Speaking as a parent and teacher, I certainly share this concern. There is a scene in the movie Dead Poets Society where the head of a boys school warns the English teacher against his innovative methods that encourage boys to challenge assumptions. The teacher responded that he thought the point of education was to teach people to think for themselves and be free. The headmaster responded angrily, “Not on your life.” He believed that students must fear authority or they would indulge their selfish passions. Indeed some of the liberated students went too far in expressing themselves. Those of you who lived through the 60s know how quickly talk of freedom can turn to wanton madness. The road to freedom sometimes veers into the morass of chaos and confusion.
In his book The Sacred Cause of Liberty, Nathan Hatch explored how preachers in America supported the Revolution, using arguments from Galatians, but then they grew worried that the new nation appeared to be too wild and undisciplined. They wanted to restore order and control. We often struggle with the question of how to create stable institutions and social order when people are free to make their own choices. How do you balance individual human rights and the common good?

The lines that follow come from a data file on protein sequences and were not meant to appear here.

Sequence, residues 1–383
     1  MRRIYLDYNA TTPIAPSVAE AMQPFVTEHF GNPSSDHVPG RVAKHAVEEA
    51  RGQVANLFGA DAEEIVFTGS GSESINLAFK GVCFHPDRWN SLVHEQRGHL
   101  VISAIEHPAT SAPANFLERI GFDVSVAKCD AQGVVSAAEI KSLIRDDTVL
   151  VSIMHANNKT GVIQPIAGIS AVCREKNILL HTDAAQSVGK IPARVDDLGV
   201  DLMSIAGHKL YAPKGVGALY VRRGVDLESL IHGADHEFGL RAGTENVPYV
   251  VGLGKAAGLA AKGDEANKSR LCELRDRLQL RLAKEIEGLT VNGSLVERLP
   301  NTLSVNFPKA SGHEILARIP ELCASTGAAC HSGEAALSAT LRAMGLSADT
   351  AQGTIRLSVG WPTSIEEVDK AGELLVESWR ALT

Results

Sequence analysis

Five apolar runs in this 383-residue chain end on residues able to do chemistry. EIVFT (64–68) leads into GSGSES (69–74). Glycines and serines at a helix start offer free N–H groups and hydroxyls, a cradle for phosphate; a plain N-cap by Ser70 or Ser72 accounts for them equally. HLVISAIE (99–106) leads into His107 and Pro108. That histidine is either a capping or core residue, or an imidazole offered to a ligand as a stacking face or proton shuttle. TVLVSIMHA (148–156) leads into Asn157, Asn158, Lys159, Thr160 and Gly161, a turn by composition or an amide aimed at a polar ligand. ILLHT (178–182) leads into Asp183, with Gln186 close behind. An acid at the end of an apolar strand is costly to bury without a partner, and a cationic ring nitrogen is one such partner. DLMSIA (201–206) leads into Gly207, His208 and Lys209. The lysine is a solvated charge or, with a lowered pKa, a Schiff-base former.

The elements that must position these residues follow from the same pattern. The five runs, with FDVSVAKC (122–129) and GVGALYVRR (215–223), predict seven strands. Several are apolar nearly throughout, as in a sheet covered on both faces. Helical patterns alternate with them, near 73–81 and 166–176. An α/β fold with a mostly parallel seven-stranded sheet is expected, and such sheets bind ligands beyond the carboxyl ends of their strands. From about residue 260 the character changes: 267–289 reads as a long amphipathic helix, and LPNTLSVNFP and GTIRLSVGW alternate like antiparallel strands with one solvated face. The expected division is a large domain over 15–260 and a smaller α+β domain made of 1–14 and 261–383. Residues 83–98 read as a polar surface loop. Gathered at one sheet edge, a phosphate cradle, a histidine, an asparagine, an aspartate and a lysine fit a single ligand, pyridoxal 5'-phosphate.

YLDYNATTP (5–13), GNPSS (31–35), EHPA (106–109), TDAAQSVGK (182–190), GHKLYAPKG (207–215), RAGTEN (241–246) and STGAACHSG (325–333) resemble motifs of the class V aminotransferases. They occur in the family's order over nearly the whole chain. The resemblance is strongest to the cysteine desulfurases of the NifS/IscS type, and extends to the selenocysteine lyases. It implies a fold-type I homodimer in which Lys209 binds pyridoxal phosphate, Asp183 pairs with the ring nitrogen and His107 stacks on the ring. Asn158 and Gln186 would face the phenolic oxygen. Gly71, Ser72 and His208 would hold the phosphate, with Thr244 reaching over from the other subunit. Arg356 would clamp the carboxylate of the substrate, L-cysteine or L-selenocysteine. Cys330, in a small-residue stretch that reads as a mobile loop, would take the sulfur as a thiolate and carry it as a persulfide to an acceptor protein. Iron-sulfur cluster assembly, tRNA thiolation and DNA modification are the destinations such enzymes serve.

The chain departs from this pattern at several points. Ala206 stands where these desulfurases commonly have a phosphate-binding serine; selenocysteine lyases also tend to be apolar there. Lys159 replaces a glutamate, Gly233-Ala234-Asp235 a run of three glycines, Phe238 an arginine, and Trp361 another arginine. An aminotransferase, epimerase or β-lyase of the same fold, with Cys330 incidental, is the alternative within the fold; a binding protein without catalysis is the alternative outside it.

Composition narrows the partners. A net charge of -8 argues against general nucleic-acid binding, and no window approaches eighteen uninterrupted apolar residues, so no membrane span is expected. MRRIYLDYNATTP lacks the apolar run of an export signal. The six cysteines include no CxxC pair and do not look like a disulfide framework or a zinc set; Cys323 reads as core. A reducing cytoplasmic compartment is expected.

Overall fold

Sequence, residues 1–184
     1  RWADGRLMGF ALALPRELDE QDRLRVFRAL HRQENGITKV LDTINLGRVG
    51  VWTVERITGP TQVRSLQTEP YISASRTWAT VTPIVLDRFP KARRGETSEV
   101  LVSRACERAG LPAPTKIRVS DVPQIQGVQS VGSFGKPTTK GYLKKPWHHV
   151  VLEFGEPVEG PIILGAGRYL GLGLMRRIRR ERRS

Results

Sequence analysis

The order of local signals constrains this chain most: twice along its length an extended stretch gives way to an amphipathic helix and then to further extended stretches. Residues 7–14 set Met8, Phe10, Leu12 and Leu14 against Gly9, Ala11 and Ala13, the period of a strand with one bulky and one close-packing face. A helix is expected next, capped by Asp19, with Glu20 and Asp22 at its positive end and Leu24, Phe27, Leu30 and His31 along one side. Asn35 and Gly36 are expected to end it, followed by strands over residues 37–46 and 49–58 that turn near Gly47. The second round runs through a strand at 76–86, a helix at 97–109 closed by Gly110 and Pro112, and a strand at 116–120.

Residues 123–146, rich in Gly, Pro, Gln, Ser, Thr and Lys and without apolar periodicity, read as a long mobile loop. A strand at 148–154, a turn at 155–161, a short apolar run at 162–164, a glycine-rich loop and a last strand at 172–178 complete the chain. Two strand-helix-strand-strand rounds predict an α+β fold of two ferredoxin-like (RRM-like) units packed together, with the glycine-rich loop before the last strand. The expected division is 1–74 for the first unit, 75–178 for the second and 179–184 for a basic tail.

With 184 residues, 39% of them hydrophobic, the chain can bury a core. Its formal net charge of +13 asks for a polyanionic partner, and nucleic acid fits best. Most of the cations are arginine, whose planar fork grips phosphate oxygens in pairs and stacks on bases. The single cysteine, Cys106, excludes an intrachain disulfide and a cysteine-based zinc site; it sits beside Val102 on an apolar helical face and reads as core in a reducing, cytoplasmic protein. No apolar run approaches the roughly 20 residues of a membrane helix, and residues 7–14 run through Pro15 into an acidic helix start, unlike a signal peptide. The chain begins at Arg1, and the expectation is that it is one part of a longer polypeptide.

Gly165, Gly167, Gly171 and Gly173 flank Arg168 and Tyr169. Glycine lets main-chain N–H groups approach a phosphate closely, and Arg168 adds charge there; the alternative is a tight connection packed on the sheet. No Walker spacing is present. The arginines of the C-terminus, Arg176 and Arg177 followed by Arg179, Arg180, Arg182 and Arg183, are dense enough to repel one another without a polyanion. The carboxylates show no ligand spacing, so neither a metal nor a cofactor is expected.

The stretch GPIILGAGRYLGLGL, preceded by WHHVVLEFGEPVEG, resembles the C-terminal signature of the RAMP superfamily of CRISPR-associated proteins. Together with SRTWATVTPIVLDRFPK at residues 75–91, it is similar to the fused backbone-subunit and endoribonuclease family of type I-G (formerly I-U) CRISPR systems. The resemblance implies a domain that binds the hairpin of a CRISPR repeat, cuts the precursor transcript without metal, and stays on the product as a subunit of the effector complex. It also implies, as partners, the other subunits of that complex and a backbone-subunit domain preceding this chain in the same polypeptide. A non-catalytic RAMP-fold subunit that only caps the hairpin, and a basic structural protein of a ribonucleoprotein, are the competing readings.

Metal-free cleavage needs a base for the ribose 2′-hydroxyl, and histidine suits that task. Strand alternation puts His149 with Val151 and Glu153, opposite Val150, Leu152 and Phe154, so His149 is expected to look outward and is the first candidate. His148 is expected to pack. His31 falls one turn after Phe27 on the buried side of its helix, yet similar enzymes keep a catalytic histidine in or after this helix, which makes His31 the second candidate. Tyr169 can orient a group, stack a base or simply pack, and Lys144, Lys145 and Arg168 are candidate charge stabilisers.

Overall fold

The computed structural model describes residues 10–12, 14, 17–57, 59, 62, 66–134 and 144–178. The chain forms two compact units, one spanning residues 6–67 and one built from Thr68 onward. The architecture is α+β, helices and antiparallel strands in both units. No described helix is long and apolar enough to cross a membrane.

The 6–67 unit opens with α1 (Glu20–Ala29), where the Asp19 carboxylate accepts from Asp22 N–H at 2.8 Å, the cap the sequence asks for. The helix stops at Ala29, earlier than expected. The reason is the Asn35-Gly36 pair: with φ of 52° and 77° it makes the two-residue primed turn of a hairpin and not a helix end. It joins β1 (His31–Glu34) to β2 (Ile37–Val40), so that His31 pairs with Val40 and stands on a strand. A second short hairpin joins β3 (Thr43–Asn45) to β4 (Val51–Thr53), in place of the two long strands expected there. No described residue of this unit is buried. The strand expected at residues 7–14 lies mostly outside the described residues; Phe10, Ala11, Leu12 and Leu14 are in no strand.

Freedom and Self-control: Paul, of course, was not writing about the political system; he was writing to an illegal gathering of Christians living as pilgrims in a hostile world. He was also not talking about freedom in the abstract; he was writing to people who had died with Christ and been raised with Christ into a new life through baptism. He was writing to people who experienced the Holy Spirit in their lives, who had voluntarily rejected their old way of living in order to live as dearly loved children of God. He was writing to those who believed that Christ had purchased them from sin, death, and the devil not with gold or silver but with his own blood.
And his message to them was profoundly simple. The way to live in freedom is to serve one another willingly. If we use our freedom as an excuse for selfishness and sinful indulgence, we merely proved that we were still enslaved to sin. If we use our freedom to oppress, harass, and abuse others, we merely proved we are still enslaved to the devil. If we are still obsessed with our status, our power, our security, our authority, our looks, our property, our wants, and our cravings, we merely proved we are slaves. Paul tells the Galatians, that if they use freedom as an excuse to indulge their desires, they might as well go back to the old covenant and their old religious superstitions. That is not the way of Christ. But if we have been redeemed by Christ and reclaimed by God as his dearly beloved children, then we are free to serve one another out of love.